AFRICAN ARGUMENTS | Alice McCool & Brian Mutebi | In an informal settlement in central Kampala, Yusuf Byaruhanga sits within the faded pastel walls of a school. With his walking stick resting next to his chair, the 63-year-old talks openly about the fact he is HIV-positive.
“Most men fear shame, stigma and discrimination, or losing their job, so they conceal their status,” he says. “Some don’t see the benefit of coming out as positive.”
Byaruhanga is part of a “positive living group” whose members support each other, share experiences and educate the wider community about HIV and sexual health. They have even started a small business together making and selling crafts.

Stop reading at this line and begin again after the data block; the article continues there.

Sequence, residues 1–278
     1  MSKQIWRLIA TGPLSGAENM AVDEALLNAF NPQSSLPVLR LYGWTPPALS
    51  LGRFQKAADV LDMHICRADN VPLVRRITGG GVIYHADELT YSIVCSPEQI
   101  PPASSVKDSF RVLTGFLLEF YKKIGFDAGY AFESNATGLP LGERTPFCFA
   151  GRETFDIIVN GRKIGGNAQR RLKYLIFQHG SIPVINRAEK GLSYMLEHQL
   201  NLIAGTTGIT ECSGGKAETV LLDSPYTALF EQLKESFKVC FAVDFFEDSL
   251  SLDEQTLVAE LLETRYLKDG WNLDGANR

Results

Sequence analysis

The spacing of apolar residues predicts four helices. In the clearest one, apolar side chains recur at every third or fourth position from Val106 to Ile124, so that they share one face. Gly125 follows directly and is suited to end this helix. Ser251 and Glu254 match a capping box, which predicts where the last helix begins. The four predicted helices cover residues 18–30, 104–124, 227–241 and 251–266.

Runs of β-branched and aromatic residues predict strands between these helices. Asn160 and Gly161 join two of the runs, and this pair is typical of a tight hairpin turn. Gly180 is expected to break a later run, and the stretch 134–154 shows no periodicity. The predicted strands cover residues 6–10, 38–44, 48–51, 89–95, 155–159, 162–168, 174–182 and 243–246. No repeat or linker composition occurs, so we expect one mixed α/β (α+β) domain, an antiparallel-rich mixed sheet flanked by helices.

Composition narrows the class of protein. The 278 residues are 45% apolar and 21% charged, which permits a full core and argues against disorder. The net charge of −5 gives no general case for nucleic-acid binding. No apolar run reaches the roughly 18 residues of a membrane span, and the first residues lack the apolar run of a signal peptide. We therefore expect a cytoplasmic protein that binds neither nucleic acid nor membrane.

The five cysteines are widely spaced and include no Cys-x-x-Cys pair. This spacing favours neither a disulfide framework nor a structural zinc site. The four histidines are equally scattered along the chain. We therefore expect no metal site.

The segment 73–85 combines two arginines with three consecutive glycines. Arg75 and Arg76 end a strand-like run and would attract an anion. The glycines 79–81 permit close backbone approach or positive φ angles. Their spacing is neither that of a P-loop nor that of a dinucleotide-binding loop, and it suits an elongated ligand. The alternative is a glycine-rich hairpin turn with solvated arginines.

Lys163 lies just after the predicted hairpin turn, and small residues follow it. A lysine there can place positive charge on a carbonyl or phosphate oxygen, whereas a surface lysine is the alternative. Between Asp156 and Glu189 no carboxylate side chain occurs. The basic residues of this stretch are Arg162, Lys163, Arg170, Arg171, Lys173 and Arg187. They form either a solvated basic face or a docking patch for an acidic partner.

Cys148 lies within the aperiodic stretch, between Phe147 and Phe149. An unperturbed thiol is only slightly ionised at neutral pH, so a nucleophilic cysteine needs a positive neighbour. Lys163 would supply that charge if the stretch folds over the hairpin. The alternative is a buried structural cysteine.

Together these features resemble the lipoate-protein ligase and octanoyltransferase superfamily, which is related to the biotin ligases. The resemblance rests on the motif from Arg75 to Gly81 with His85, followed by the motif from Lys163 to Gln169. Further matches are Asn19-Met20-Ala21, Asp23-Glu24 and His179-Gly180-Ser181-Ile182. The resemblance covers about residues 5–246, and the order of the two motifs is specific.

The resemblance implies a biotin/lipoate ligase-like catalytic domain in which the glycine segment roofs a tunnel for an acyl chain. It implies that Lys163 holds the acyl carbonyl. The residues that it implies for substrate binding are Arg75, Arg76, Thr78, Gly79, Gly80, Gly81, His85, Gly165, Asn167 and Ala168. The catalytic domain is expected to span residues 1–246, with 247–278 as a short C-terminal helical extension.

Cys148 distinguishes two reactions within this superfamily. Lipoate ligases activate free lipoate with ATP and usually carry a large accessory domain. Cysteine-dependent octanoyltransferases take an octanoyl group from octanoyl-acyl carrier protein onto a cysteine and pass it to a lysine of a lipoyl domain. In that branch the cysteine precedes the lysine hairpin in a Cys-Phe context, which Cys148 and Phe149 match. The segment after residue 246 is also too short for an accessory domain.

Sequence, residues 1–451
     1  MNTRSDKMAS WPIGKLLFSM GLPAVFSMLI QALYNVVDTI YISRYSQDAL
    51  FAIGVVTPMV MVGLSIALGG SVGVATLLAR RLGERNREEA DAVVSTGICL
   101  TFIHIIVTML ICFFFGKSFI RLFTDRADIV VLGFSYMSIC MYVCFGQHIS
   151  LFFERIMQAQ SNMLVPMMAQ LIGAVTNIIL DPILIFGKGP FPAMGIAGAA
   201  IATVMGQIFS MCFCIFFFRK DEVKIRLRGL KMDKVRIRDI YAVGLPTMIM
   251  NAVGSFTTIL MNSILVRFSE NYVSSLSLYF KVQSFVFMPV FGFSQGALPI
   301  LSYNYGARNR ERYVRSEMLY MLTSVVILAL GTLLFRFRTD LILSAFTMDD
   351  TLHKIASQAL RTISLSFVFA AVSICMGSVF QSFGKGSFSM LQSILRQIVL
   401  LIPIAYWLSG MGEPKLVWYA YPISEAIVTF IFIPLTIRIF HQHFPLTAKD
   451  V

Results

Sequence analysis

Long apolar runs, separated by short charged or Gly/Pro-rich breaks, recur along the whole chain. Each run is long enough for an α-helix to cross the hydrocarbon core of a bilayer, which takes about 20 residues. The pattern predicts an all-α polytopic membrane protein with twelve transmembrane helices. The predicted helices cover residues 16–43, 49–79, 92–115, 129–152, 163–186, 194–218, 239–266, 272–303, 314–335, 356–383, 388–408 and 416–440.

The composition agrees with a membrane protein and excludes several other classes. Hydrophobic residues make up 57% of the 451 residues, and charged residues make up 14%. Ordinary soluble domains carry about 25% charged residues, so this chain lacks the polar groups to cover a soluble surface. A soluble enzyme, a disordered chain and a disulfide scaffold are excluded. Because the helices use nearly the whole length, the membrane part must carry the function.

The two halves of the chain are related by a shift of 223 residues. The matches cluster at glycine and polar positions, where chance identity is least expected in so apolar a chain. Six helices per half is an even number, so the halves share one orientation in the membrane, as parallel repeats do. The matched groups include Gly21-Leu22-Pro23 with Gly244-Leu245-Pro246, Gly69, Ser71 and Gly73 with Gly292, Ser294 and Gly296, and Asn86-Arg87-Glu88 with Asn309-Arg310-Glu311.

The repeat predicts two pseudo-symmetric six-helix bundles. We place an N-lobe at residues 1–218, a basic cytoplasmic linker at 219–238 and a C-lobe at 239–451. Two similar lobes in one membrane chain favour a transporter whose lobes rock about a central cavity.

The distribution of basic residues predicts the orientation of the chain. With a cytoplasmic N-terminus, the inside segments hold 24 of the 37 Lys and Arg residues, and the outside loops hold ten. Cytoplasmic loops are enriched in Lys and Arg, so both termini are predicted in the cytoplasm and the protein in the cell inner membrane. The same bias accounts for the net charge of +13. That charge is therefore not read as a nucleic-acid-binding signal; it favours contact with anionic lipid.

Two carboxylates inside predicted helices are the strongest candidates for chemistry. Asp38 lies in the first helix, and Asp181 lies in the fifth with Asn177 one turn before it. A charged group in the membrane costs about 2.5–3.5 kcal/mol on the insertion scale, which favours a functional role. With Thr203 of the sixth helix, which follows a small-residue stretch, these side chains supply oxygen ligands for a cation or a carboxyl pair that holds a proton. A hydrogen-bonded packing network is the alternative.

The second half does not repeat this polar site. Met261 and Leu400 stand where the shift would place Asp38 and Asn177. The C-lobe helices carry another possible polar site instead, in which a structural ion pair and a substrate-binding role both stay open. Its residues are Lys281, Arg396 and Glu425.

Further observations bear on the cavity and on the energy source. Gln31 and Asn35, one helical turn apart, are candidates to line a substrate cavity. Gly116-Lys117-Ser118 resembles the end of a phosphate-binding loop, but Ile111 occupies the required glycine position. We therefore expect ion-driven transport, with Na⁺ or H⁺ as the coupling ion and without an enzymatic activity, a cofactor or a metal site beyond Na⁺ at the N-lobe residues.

This group is part of a movement in Uganda that has helped to destigmatise the disease, but even individuals like Byaruhanga still uphold some less-than-progressive views. Asked whether it is important to disclose one’s HIV-positive status to potential sexual partners so they can give informed consent, he brushes away the suggestion. “If a woman loves you, they will sleep with you regardless of your status,” he says.
These kinds of attitudes are important. Although HIV rates continue to decrease in Uganda, it is still significantly more prevalent among women than men. According to a 2016-17 national survey, 7.6% of women are living with HIV compared to 4.7% of men. This disparity is particularly alarming among 15-24 years old for whom the disease is four times higher in females than males.
— African Arguments (@africaarguments) May 16, 2018